We can’t just put in the highest figure when it is mathematically incorrect, even if it is referenced. References can sometimes be wrong. --Merbabu (talk) 01:49, 11 September 2008 (UTC)

Here's what I posted on another user's talk page:
"U2 has 12 studio albums if you include their soundtrack album, and 26 albums if you include their live and compilation albums. It is entirely possible that they have sold 170 million records. Especially, if you consider the fact that the 20 million figure that you quoted is an old, low-ball number."
Also, the former source seems to be much more reliable than the latter, since it comes from an established news source. ŁittleÄlien¹8² (talk\contribs) 01:54, 11 September 2008 (UTC)
It may be a reliable source, but case for disputing it is strong. I am sure the case would be stronger still if one was to go thru and itemise each album's total sales figure. Thus, other sources need to be found to support it. Anyone want to itemise each album?
I'm not sure about the 14 compilatio album figure. U2 has 4 mainstream compilation albums depending how you count. From memory, the biggest seller (1980-1990) sold over 10million. The other 10 of the compilations you list are by comparison far more obscure fan club releases – if they have a million sales clocked up between them, I’d be very surprised. (and is there actually 10?).
I think we can all agree though that this is a hole in information, and if indeed it is 170mil, then we really need stronger verification. --Merbabu (talk) 02:05, 11 September 2008 (UTC)

They way I came up with the "26 albums" figure is as follows: 11 studio albums, 1 soundtrack album, 9 live albums, and 5 compilations. Many of their live albums and all of their compilation albums have sale-counts that are in the multi-millions. To be perfectly honest, I'm not sure why the 170-million figure is that unbelievable. The Independent is a reputable news publication and I doubt they fudged any of their numbers, but if you guys would like to tally up each and every album sales figure on your own, feel free to. I, however, don't think that this is necessary. ŁittleÄlien¹8² (talk\contribs) 02:21, 11 September 2008 (UTC)

This thread is interesting: Go to Apparently, Billboard and Interscope both said U2 had sold 120 million albums worldwide before How to Dismantle an Atomic Bomb was released. I think 170 is a stretch. Another way to look at it: in 2000, the band was recognized for 100 million records sold, and since then, they have sold nearly 37 million more albums. Or, you can look at more recent press releases and go with 140 million [4][5] I would tend to believe these recent press releases and the background information about U2 on the DATA website, since that is Bono's charity. Y2kcrazyjoker4 (talk) 03:16, 11 September 2008 (UTC)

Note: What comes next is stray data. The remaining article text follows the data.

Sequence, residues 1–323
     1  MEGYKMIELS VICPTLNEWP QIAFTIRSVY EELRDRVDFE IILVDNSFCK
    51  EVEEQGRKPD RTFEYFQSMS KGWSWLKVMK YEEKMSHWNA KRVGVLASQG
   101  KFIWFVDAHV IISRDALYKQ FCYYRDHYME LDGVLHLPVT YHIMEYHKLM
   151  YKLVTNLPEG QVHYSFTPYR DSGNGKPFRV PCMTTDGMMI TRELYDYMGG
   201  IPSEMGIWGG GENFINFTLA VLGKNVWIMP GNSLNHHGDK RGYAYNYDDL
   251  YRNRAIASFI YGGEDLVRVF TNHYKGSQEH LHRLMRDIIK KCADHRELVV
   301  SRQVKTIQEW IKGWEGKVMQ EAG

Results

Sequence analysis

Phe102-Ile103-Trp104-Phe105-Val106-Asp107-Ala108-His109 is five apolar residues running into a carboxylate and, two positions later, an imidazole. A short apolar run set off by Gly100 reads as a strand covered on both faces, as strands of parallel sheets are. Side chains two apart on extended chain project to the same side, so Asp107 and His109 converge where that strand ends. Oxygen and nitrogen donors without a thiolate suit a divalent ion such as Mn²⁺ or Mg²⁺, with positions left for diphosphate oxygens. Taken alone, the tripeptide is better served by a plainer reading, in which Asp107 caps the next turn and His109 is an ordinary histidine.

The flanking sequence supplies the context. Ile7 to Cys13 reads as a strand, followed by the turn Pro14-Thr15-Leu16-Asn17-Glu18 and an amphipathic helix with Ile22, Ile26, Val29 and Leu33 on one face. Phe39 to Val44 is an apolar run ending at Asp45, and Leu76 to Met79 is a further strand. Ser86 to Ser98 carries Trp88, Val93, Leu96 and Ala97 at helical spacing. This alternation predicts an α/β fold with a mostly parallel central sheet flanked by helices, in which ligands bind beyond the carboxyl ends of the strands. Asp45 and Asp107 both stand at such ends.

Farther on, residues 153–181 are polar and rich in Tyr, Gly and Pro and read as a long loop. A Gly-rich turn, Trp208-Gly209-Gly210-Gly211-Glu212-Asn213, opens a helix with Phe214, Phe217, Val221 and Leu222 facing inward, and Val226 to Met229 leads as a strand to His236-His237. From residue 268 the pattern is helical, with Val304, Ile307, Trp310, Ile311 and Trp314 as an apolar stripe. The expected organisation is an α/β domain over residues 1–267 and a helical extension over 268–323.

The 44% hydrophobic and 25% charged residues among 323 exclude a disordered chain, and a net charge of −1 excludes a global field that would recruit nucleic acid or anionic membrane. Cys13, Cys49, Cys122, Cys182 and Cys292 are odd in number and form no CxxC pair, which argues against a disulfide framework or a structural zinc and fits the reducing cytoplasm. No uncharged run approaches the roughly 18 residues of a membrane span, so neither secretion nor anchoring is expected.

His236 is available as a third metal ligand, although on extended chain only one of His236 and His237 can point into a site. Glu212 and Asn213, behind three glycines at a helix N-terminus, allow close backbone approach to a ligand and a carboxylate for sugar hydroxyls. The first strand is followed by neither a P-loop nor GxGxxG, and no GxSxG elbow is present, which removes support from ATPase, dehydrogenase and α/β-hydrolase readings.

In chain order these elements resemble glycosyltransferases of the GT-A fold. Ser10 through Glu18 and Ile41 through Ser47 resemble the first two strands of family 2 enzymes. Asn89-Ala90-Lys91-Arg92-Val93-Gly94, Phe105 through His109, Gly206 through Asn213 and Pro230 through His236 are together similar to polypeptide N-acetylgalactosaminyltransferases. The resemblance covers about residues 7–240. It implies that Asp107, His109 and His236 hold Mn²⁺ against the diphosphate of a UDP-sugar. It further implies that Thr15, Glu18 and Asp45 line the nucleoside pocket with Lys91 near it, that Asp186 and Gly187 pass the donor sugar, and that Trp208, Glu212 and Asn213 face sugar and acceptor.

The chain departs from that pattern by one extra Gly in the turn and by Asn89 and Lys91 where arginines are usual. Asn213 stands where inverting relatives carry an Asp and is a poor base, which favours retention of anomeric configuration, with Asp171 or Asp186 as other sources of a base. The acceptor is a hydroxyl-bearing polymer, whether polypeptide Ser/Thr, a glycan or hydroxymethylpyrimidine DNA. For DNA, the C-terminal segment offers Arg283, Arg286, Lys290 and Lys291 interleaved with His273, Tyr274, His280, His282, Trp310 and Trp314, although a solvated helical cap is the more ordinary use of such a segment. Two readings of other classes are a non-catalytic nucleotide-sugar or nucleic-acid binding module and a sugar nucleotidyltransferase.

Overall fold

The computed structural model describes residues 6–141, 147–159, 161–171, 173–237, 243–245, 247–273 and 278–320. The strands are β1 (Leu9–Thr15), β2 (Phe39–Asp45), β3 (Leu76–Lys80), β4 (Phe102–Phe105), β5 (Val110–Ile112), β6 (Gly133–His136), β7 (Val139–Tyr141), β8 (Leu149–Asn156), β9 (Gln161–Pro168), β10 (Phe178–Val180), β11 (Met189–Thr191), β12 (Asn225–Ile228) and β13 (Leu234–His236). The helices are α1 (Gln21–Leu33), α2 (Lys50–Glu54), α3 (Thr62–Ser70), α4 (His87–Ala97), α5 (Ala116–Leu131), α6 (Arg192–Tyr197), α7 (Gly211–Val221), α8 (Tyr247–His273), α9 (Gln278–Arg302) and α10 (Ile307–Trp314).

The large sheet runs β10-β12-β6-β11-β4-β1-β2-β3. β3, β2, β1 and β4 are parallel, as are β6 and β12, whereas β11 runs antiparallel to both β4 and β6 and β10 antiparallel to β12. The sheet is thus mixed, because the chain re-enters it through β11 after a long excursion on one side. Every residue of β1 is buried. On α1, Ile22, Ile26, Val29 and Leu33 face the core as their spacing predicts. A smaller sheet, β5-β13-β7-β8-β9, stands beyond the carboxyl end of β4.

I think you just solved our dispute. 140 million seems like a reasonable number and, furthermore, you have found two reliable sources. I think you should change the number to "140 million" and add the two references to the article. Good job! ŁittleÄlien¹8² (talk\contribs) 06:11, 11 September 2008 (UTC)
Although I haven't got time to do any investigation into the issue right now, I too would be happy for the 140m figure and references to be inserted for the time being. Nice work. --Merbabu (talk) 06:15, 11 September 2008 (UTC)

Main page request

September 25th marks the 32nd anniversary of U2's first meeting. How about getting this article on the main page on that day? -- (talk) 03:59, 21 September 2008 (UTC)

Good suggestion, and I've been trying to do this for the last month or two, and it's just not meant to be. U2 lost 3 points because there was a recent music-related article as the main page article. Since anniversaries only yield 1 point, this means U2 was in negative-territory for a Sept 25th main page article. I think we'll have to wait until either it becomes a year-old-FA (next January), or on the next anniversary of the band on September 25, 2009, unless someone has a better idea. Wikipedia brown (talk) 01:19, 25 September 2008 (UTC)
How about on March 2nd? =P MelicansMatkin (talk) 15:55, 20 January 2009 (UTC)


I know ChatzSpy or whatever has gotten at me for putting MySpace links, but the official sites don't always have a link to MySpace, as in this case. I know this isn't a directory, but more people come here than DMOZ. I'll put the link here because U2 are too big a deal for me to do it on the article in plain sight.
U2 on Myspace Sposato (talk) 23:04, 3 October 2008 (UTC)

In the section "Lyrics and themes", the song "Mothers of the Disappeared" is referred to as being about the mothers in Argentina. The song was based on Bono's experiences in El Salvador. In "U2 by U2" Bono also makes references to Chile, where the same thing happened. Argentina is the best known example of mothers publicly mourning their disappeared children, but not the only one. Christer Daatland, Singapore —Preceding unsigned comment added by (talk) 02:00, 27 November 2008 (UTC)

Dispute over Image:U2-teenagers.jpg